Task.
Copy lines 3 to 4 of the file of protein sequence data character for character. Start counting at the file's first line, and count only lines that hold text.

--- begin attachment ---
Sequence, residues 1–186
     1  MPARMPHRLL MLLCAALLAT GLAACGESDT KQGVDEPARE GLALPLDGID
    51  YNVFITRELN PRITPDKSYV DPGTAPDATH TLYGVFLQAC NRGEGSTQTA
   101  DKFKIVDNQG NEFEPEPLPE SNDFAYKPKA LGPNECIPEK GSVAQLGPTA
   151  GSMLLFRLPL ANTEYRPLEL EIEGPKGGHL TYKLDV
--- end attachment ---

    51  YNVFITRELN PRITPDKSYV DPGTAPDATH TLYGVFLQAC NRGEGSTQTA
   101  DKFKIVDNQG NEFEPEPLPE SNDFAYKPKA LGPNECIPEK GSVAQLGPTA